I’ve documented the process of installing a Docker Swarm cluster inside VirtualBox with Docker Machine. This allows experimenting with Docker Swarm, the simple docker container orchestrator, over VirtualBox.
This allows you to play with orchestration scenarii without having to install docker on real machines.
Also, such an environment may be handy for teaching if you don’t want to install docker on the lab’s host. Installing the docker engine on Linux hosts for unprivileged users requires some care (refer to docs about securing Docker), as the default configuration may allow learners to easily gain root privileges (which may or not be desired).
I’m investigating the creation of VM images for different virtualisation solutions.
Among the target platforms is a destop as a service platform based on an OpenStack public cloud.
We’ve been working with bootstrap-vz for creating VMs for Vagrant+VirtualBox so I wanted to test its use for OpenStack.
There are already pre-made images available, including official Debian ones, but I like to be able to re-create things instead of depending on some external magic (which also means to be able to optimize, customize and avoid potential MitM, of course).
It appears that bootstrap-vz can be used with cloud-init provided that some bits of config are specified.
In particular the cloud_init plugin of bootstrap-vz requires a metadata_source set to “NoCloud, ConfigDrive, OpenStack, Ec2“. Note we explicitely spell it ‘OpenStack‘ and not ‘Openstack‘ as was mistakenly done in the default Debian cloud images (see https://bugs.debian.org/854482).
The following snippet of manifest provides the necessary bits :
# create or reuse a tarball of packages
# change if another mirror is closer
# Note we explicitely spell it 'OpenStack' and not 'Openstack' as done in the default Debian cloud images (see https://bugs.debian.org/854482)
metadata_sources: NoCloud, ConfigDrive, OpenStack, Ec2
# username: Administrator
# password: Whatever
# reduce the size by around 250 Mb
I’ve tested this with the bootstrap-vz version in stretch/testing (0.9.10+20170110git-1) for creating jessie/stable image, which were booted on the OVH OpenStack public cloud. YMMV.
This post is intended to document some elements of workflow that I’ve setup to manage videos produced for a MOOC, where different colleagues work collaboratively on a set of video sequences, in a remote way.
We are a team of several schools working on the same course, and we have an incremental process, so we need some collaboration over a quite long period of many remote authors, over a set of video sequences.
We’re probably going to review some of the videos and make changes, so we need to monitor changes, and submit versions to colleagues on remote sites so they can criticize and get later edits. We may have more that one site doing video production. Thus we need to share videos along the flow of production, editing and revision of the course contents, in a way that is manageable by power users (we’re all computer scientists, used to SVN or Git).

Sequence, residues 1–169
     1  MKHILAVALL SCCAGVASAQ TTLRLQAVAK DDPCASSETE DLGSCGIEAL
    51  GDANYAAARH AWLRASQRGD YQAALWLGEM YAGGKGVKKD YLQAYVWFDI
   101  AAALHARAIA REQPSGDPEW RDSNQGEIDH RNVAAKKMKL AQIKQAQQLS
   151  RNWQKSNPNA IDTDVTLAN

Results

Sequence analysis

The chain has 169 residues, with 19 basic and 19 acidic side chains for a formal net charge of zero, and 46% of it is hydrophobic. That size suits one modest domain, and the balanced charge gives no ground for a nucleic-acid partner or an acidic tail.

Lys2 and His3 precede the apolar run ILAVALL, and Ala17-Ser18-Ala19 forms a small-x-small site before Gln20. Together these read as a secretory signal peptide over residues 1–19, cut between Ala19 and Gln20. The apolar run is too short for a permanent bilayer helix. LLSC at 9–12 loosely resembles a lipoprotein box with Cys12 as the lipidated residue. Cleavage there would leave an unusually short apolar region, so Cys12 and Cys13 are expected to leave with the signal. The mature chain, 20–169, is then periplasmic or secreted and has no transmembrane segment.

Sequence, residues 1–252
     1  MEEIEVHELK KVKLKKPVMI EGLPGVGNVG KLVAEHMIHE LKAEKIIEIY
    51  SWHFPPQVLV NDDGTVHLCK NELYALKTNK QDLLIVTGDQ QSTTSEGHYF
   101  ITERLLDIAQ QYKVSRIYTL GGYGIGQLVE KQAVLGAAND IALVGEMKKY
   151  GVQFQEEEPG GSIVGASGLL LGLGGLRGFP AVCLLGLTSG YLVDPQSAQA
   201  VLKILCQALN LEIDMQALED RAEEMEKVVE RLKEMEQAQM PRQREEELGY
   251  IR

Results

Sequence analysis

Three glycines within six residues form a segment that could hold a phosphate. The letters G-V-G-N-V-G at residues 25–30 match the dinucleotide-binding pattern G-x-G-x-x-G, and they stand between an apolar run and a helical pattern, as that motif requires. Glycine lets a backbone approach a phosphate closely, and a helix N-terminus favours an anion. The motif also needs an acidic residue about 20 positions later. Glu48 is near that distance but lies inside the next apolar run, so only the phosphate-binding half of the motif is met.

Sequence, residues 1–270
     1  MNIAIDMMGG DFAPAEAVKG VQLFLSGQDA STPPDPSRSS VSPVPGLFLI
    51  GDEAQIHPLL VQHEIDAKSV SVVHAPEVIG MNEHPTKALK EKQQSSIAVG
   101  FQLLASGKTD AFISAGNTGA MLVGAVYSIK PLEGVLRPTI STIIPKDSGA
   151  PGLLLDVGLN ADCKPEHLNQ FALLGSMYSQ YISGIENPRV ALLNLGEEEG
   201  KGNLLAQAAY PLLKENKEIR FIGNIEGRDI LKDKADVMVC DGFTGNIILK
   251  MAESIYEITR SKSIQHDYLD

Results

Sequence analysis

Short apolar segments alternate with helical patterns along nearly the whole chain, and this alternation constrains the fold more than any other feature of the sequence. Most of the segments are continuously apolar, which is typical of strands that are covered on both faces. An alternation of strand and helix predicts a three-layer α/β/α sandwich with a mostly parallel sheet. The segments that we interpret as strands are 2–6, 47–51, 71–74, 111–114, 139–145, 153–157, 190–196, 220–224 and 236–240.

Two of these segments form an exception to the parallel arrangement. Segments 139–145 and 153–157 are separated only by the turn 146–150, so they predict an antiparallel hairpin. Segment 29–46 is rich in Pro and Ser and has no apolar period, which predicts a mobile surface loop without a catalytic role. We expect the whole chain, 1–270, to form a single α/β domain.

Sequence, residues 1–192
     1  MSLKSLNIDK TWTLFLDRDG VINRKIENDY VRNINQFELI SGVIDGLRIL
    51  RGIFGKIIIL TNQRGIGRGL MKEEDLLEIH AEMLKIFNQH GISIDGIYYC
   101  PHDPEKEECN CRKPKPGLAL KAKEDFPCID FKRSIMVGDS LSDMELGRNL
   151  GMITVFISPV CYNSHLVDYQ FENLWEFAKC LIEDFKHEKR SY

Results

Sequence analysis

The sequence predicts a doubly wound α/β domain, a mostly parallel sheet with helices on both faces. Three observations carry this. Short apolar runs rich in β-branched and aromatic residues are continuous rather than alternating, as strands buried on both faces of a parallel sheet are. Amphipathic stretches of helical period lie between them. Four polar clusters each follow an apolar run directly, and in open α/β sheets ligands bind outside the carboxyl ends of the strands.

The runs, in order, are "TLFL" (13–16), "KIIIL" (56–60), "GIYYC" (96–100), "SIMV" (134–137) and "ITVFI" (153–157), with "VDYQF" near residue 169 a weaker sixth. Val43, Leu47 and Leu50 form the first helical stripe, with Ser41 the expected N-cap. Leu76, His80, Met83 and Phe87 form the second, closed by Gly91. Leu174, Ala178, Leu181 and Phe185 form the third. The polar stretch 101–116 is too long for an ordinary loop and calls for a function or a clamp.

I’ve decided to start an experiment with Git and Git-Annex to try and manage the videos like we use to do for slides sources in LaTeX. Obviously the main issue is that videos are big files, demanding in storage space and bandwidth for transfers.
I’m a big fan of org-mode (see previous posts), and I’ve started maintaining (sic) my professional webpage(s) with it.
But I’ve also recently tried and publish some more Semantic/Linked Data aware documents too (again, previous posts).
Ideally, I think my preferred workflow for publishing articles or documents of some importance, would be to author them in org-mode, and then publish them as HTML5 including RDFa meta-data and annotations. Instead, I’ve more frequently been doing conversions of org-mode to LaTeX, in order to submit a printable version, and later-on decided to convert the LaTeX to HTML5+RDFa…
But one of the issues is how to properly embed the RDF meta-data inside the org-mode documents, so that the syntax is both compact and expressive enough.
I doubt there’s a universal solution, given that RDF tends to be complex, and graphs may not project easilly along a mainly linear structure of an org-mode document, but anyway, there seems to be possible middle grounds that are practically good enough.
I’ve tried and implement a solution, which reuses the principles set by John Kitchin in Extending the org-mode link syntax with attributes, i.e. implementing an HTML exporter for a particular custom link type, which will convert the plist-like syntax to some RDFa constructs.
The nice thing about org-mode, and its litterate programming babel environment, is that it allows to embed the code of the links exporter inside the org document, avoiding to dissociate the converter from the document’s source, making it auto-complete.
Next step will probably be to author a paper (or convert back a “preprint” of mines) with org-mode, in order to provide Linked Research meta-data.
Stay tuned for more details, and in the meantime, I welcome any improvement to the org/babel/elisp setup.